Hairrell's take is that "A good designer has the ability to get you excited about the potential of your surroundings. Colors, proportions, textures, pattern and lighting are all so important when it comes to a harmonious space. Designers have the ability to pull all of these elements together in an unexpected way because they have a knack for visualization."

If they didn't have that ability, then you wouldn't need them.

In the initial stages of working with a designer, you typically answer a lot of questions about your needs, your preferences and even about which elements you currently have that you want to keep. A designer not only creates a concept but a living area that accommodates the members of your household, including your pets, and how they will use the space that you plan to remodel.

3. Why hire a decorator when you like choosing colors and decor yourself?

You love shopping for furnishings. You don't want a designer to take that pleasure away from you. While interior designers are trained to handle those details, they are so much more than just decorators -- although you might see the title "interior designer" used inaccurately when what is really meant is an interior decorator.

Today designers must be trained in all aspects of completing a remodel, not just the furnishings and decor. They handle things like home acoustics, storage and organization, space planning, and building materials. They have to know how to plan for lighting, heating and cooling and even wiring to accommodate your home technology. They specialize in universal design to accommodate the physical and cognitive needs of every family member. They coordinate the entire team involved in your remodel: architects, contractors, and subcontractors. They can shop for your furnishings if you need that service, and they have suppliers that can provide items you might never be able to find yourself in the retail establishments, but they can also let you do the shopping or join you if you want their input.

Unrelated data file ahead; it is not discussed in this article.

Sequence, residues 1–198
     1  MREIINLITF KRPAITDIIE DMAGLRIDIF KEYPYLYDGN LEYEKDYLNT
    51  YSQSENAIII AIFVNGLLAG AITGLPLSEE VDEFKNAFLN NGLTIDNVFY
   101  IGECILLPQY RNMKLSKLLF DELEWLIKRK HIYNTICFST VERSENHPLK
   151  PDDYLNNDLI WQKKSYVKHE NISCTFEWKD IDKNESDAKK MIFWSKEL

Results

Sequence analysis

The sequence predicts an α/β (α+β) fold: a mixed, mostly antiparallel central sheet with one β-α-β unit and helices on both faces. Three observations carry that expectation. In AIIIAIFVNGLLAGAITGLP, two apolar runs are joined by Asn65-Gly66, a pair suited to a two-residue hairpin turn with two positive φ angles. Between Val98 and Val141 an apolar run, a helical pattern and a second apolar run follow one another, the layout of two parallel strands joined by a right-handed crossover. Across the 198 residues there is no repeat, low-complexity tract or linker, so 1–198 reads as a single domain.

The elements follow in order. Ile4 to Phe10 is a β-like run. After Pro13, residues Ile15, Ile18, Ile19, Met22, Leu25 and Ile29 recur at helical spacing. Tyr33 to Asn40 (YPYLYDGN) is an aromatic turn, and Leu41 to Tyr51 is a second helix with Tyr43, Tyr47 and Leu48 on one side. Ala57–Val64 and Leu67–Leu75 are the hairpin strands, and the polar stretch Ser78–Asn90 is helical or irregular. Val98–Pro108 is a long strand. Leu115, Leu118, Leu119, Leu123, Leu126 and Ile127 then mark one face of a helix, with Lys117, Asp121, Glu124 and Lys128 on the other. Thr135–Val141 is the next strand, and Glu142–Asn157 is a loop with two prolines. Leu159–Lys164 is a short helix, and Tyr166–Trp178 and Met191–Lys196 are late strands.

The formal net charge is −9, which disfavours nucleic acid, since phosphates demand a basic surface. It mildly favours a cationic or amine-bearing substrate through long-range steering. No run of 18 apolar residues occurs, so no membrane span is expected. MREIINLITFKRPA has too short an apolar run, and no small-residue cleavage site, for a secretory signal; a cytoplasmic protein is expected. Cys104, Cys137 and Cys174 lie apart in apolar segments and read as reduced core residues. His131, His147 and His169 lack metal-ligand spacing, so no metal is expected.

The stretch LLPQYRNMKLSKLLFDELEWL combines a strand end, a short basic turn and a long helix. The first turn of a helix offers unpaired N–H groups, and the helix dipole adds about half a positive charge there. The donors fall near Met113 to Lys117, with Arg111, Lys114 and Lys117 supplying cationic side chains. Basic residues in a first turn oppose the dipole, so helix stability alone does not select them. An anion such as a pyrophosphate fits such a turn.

What to know when you hire an interior designer

So what should you look for if you decide to hire a designer? Many states now require certification and even licensing for interior designers, but not all. Be sure to check your state's requirements. The National Council for Interior Design Qualification (NCIDQ) exams are the gold standard for credibility. Designers who pass the NCIDQ series of three rigorous tests are assigned an NCIDQ Certificate number that validates their knowledge and experience for state regulators and potential clients.

The California Council for Interior Design Certification (CCIDC) requires interior designers have CCIDC certification. They advise that in addition to those credentials, you get referrals, references and put everything in writing. Make sure you set a budget, but be prepared for unexpected expenses if you're doing demolition work, warns CCIDC. You never know what problems are hidden behind your walls, above your head or below the floor until everything is exposed.

Once you have your designer, remember, she or he is the one who has to come up with the solutions when the remodel encounters surprise issues. If you've done your due diligence and you like your designer, relax and take their advice. That's why you hired them in the first place.

About the Author

Iris Price is a single Baby Boomer whose antidote to a lack of retirement funds was to launch a long-delayed career as a writer. While others her age concoct bucket lists and travel the world, she bought a new-construction home and obsessively creates lists of must-have home improvements and personal realization goals. She specializes in writing about home services and self-motivation.